Stefano Domenicali discusses reverse grids and points in more sessions

Stefano Domenicali

Formula 1 CEO Stefano Domenicali says that the sport should not simply discard the idea of reverse grids and points in more sessions other than the race.

Domenicali is at the helm of a sport that has enjoyed one of the biggest surges in popularity seen by any major championship in recent years.

Formula 1, though always a big deal, has become one of the most talked about sports in recent years, with things like Drive to Survive bringing a new audience to the table.

There’s been a huge growth in attendance figures at races, too, with nearly every Grand Prix this season having sell-out weekends and, clearly, there is a lot going right with the sport at the moment in terms of viewership and audience.

Despite some detractions that come up now and again, the sport as a product is overall in a generally healthy place, but that does not mean that Domenicali wants to rest on his laurels in trying to up the entertainment factor.

Speaking to Corriere della Sera, he revealed he’d still be open to implementing reverse grids and championship points for sessions that are not the Grand Prix:

“You have to try [different things,]” he said.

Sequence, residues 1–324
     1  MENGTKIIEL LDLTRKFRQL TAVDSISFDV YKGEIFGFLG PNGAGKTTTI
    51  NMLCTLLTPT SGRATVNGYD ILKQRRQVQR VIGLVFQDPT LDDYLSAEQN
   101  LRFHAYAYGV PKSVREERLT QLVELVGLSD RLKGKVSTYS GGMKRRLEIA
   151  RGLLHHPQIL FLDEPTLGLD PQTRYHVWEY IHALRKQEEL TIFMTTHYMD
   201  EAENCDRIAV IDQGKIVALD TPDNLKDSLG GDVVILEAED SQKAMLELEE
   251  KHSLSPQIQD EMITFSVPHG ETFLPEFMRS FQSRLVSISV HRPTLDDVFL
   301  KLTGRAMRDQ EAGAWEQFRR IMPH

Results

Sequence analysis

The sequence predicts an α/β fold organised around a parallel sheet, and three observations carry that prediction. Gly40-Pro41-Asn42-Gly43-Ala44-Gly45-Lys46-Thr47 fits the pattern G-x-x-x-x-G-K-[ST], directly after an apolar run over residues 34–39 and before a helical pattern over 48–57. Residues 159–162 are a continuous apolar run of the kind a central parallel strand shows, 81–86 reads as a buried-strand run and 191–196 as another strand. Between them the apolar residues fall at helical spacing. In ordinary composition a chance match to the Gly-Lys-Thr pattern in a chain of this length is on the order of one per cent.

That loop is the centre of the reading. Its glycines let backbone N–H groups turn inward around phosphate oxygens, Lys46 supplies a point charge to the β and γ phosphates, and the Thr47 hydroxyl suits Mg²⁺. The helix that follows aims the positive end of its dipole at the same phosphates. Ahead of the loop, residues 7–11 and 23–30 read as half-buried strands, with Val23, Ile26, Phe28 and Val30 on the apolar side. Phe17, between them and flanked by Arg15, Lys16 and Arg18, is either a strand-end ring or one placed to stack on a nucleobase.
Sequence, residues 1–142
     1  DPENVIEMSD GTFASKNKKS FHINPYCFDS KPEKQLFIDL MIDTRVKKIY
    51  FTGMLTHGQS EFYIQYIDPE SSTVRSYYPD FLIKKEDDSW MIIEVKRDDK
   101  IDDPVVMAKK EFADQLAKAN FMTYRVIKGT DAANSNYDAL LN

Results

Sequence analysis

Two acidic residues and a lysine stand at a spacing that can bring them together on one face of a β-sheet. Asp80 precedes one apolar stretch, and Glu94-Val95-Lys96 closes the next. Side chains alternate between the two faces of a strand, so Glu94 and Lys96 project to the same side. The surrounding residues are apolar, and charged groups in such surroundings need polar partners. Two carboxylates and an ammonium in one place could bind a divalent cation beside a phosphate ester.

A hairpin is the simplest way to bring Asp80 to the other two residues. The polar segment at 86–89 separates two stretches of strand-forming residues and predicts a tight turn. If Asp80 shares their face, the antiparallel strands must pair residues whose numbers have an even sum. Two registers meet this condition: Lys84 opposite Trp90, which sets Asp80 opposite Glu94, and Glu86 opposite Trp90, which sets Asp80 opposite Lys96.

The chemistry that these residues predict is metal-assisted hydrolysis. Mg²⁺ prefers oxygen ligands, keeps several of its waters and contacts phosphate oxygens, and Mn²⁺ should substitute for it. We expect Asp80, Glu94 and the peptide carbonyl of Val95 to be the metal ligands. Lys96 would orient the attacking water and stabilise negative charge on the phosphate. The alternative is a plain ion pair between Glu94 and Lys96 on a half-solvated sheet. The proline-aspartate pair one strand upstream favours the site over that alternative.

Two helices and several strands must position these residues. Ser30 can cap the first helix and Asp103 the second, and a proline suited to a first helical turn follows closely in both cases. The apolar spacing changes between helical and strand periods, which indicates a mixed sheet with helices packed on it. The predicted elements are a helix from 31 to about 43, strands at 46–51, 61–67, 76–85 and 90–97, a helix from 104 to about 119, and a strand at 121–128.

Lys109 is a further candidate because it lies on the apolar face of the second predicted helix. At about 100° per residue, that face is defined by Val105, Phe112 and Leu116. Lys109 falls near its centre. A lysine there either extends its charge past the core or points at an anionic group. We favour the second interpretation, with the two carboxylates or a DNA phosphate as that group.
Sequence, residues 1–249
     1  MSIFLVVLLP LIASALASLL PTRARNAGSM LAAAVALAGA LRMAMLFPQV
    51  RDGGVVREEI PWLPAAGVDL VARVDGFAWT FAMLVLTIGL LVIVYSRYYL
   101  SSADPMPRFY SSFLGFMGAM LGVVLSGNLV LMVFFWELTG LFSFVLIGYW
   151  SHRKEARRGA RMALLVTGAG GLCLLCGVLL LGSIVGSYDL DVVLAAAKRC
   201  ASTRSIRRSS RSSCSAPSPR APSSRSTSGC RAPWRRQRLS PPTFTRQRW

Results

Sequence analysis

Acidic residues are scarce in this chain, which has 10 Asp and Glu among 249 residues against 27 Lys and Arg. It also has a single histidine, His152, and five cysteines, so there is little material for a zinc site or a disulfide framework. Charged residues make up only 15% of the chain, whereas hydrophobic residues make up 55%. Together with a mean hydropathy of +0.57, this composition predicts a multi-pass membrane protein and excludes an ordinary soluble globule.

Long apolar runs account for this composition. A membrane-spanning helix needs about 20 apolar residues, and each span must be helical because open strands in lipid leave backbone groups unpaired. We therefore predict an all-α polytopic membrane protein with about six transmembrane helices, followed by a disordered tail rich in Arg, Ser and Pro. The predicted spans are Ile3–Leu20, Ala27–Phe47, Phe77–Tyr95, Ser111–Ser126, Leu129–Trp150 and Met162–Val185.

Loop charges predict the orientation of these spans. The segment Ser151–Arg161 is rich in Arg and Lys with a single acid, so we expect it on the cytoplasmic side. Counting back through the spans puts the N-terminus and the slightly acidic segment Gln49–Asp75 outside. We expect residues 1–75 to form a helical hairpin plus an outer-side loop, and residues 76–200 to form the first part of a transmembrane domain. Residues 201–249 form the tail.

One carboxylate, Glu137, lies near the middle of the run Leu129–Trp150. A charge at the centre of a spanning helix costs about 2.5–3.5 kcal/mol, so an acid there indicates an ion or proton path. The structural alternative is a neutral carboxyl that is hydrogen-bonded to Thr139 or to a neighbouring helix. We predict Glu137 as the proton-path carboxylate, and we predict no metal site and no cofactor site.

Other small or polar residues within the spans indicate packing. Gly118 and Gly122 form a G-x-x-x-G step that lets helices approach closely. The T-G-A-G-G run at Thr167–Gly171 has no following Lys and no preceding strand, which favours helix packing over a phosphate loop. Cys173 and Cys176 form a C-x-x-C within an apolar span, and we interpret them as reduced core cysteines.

“There are always many excuses not to do it, it is a life principle.

“Purists will always turn up their noses up, but over the years F1 has changed the way of qualifying dozens of times. It is something that cannot be postponed, to ensure we have even more of a show.

“I would like there to always be a fight for something that counts for the title. We will address this issue in the next F1 Commission – the fans, the organisers, everyone wants that. The sprint was just the first example, which can be improved.

“Each session there should be points up for grabs or single qualifying laps or qualifying for a Saturday race, different and shorter, instead of the third free practice, maybe with the reversed grid mechanism.

Stefano Domenicali
MONZA, ITALY – SEPTEMBER 09: Stefano Domenicali, CEO of the Formula One Group, walks in the Paddock prior to practice ahead of the F1 Grand Prix of Italy at Autodromo Nazionale Monza on September 09, 2022 in Monza, Italy. (Photo by Clive Mason/Getty Images)

“We are putting a lot of things on the table. Many say no, but we have seen on some occasions the beauty of having reshuffled grids in the race, [there is] more overtaking. We have an obligation to try.”

Certainly, there is always room for new ideas in F1 but reverse grids and points for things like free practice might be suggestions that aren’t welcomed massively by the teams or many of the fans.

It’s a balancing act that the sport needs to perform between innovation and keeping tradition, and hopefully any new features of a race weekend will only add to the sporting side.

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